Photo credit: John McMurtrie
Following the announcement that they’ll be supporting Parkway Drive on their Reverence Australian Tour in October, Massachusetts metalcore kings Killswitch Engage have also announced two intimate headline shows in Sydney and Melbourne during the course of their visit.
The genre-pioneering 5-piece are widely regarded as true originators of the new wave of American heavy metal, a fact their legions of followers around the world will attest to, and alongside bands such as Slipknot and As I Lay Dying have become a household name for fans both new and old.
Through seven studio albums, the band has continued to provide a crushing, soaring soundtrack throughout the evolution of modern metal and ultimately given life to many of today’s best-loved heavy bands.
The departure and eventual return of frontman Jesse Leach (the band released four critically acclaimed albums with replacement vocalist Howard Jones at the helm) has always been a talking point for fans, but there is little doubt that every album the band has produced has been an exceptional display of musicianship, regardless of the line-up.
You know we love a list here at Maniacs, so we decided to celebrate the return of the mighty Killswitch Engage to Aussie shores with our top 5 tracks from the band’s epic catalogue. No easy task, but we got to listen to a bunch of KSE all day so it’s cool. Here we go.
Hate By Design
The message behind 2016’s Incarnate was largely inspired by the current socio-political climate and our own place within it. From racism to inequality to cultural disconnect, it was all addressed here and for better or worse, the record itself feels closer to home for Jesse Leach who by now had returned to the fold and rediscovered his ability to deliver absolutely mind-blowing performances. Guitarist Adam Dutkiewicz hasn’t lost a step either, serving up of thrash-spattered hooks to die for throughout. If there is one thing KSE have always been, it is catchy, and Hate by Design sees them remain as accessibly awesome as ever.
The End Of Heartache
With the departure of Jesse Leach came the arrival of formidable frontman Howard Jones, who starred on the band’s triumphant third album The End of Heartache. Widely regarded as their breakthrough moment, few tracks in the band’s repertoire raise hairs or evoke vehemence quite like the title track from this 2004 monster. Featuring on the Resident Evil: Apocalypse film soundtrack and being nominated for Best Metal Performance at the 47th Grammy Awards, the song allowed Killswitch an opportunity at super-stardom and will always have a place in our hearts.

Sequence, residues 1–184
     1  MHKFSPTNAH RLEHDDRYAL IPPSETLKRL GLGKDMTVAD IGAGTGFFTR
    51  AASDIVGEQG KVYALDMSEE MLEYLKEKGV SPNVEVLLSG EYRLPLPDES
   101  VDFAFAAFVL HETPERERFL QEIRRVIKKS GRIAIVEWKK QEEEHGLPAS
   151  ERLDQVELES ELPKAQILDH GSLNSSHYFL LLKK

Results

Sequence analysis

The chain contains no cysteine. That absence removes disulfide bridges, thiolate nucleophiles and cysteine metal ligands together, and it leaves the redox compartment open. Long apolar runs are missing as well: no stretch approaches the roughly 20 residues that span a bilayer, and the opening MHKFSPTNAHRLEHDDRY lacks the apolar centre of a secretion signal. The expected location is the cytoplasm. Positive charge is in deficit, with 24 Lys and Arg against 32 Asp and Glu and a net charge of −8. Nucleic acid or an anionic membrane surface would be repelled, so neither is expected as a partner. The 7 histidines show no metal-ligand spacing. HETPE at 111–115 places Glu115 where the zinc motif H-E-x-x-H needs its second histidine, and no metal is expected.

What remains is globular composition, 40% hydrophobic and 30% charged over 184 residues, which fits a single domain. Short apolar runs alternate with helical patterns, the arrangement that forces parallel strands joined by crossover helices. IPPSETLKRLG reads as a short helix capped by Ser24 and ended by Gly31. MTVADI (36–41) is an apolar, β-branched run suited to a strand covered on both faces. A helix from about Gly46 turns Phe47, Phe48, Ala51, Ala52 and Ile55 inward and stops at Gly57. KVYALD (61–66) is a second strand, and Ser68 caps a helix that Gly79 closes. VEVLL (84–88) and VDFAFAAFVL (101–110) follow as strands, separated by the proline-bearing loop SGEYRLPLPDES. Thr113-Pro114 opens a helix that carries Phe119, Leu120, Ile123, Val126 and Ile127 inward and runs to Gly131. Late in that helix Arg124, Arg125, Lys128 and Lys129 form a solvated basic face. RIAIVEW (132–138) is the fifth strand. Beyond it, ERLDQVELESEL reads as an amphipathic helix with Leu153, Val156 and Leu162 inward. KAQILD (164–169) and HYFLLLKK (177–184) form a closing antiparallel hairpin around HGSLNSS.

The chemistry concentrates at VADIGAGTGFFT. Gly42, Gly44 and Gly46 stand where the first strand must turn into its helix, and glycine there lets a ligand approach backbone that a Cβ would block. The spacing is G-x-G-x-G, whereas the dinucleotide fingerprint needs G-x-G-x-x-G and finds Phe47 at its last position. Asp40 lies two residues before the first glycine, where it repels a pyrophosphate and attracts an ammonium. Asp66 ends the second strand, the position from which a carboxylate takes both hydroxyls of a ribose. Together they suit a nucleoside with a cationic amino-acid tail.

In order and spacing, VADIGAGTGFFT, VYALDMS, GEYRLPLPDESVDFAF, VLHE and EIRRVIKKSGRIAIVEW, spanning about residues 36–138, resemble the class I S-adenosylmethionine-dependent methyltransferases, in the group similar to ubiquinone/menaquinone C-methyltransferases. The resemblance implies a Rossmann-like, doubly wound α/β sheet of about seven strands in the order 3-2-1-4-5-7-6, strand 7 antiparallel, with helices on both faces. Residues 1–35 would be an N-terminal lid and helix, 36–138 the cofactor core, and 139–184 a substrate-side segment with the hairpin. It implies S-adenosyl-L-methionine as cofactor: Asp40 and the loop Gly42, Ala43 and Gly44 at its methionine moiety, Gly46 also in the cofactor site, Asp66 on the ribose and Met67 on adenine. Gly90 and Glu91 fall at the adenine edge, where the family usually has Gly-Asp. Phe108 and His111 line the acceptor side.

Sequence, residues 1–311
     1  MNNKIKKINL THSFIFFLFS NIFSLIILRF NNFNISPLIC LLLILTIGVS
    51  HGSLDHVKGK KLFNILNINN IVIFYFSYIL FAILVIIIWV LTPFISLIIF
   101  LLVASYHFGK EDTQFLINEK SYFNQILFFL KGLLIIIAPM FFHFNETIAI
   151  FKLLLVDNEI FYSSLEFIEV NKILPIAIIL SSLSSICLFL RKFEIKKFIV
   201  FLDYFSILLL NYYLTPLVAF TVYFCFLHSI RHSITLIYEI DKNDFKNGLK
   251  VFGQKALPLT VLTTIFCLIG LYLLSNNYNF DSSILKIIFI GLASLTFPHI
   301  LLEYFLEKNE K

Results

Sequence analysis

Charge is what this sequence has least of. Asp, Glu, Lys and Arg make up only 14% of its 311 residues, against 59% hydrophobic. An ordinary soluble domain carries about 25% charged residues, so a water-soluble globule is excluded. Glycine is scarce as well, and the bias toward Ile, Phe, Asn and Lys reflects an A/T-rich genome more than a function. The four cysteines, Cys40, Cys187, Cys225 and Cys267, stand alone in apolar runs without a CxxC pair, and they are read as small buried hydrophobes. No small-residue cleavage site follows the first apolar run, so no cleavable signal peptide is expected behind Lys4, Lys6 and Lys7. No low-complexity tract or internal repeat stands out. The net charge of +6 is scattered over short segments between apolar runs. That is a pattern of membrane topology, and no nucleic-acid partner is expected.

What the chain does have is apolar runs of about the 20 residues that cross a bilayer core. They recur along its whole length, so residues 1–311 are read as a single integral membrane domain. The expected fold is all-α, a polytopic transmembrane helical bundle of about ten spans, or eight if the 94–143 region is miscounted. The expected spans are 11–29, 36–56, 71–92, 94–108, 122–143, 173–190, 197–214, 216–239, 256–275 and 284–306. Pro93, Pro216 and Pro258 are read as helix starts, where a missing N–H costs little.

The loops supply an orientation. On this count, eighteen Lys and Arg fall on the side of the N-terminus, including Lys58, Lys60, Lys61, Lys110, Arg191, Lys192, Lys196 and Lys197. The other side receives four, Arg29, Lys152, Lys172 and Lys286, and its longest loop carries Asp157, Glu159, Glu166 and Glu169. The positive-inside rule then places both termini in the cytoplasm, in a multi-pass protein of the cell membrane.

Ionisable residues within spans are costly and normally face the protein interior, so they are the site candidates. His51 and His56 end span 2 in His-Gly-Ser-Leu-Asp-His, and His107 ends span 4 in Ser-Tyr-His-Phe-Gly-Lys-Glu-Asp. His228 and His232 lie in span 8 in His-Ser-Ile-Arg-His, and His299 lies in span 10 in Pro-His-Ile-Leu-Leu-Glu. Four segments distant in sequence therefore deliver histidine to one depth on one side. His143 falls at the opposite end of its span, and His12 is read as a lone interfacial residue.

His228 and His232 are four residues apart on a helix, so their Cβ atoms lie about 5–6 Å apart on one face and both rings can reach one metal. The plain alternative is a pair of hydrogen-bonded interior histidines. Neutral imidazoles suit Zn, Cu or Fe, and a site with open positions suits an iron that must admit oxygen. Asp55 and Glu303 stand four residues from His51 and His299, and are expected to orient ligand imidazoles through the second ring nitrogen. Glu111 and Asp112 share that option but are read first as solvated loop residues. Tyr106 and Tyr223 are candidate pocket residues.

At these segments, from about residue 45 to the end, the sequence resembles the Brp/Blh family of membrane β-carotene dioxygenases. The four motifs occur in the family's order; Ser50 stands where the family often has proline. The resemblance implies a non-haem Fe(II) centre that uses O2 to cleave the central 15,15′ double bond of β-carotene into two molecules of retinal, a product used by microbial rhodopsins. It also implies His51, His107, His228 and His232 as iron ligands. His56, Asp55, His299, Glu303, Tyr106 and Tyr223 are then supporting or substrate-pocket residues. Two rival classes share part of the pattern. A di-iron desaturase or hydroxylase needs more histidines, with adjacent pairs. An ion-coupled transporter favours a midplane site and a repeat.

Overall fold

The sheer depth of Killswitch Engage’s arsenal makes them one of the more compelling metal bands in recent memory, given that releases like the vastly underrated 2006 epic As Daylight Dies included moments as powerful as lead single My Curse. Thematically, KSE stay the course, but it’s in the music where their artistic growth really evolves. While the initial reaction to the record was questionable, it has since revealed itself to be a treasure trove of monstrous metalcore goodness. My Curse peaked at #21 on the US Billboard Mainstream Rock Chart and was a triumphant statement for the band as one of the genre’s heavyweights.
My Last Serenade
Likely the most famous of Killswitch Engage’s songs, and the standout track from the band’s 2002 Alive or Just Breathing album, which is often heralded as the opus from which modern metalcore was born. A staple of every live set (everyone recognises that melodic intro); there is something exceptionally raw about My Last Serenade. It is a brutally honest outpouring of feeling and emotion while remaining undeniably heavy. Leach’s harsh, often piercing shrieks and guttural lows, chuggy, djent driven guitar riffs and epic open chord breakdowns further establish what we now know to be the blueprint for metalcore as we know it today.
Rose Of Sharyn
This gloomy, yet oddly uplifting number is Killswitch Engage’s ode to the bereaved. Love, loss and determination in the face of grief shape this deeply cathartic musical eulogy. “Numb, and broken/Here I stand alone. Wondering what were the last words I said to you. Hoping, praying that I'll find a way to turn back time” bellows Howard Jones, allowing us into this intensely personal and earnest moment. It is painfully sad, but we’re also filled with hope and a belief in eventual recovery. Listening to Rose Of Sharyn while actively trying not to feel something can be likened only to trying to take a piss in the wind. Its foundation is heartbreaking and sombre, but the message is purifying and overwhelmingly positive in kind, and sonically it is truly magnificent in stature.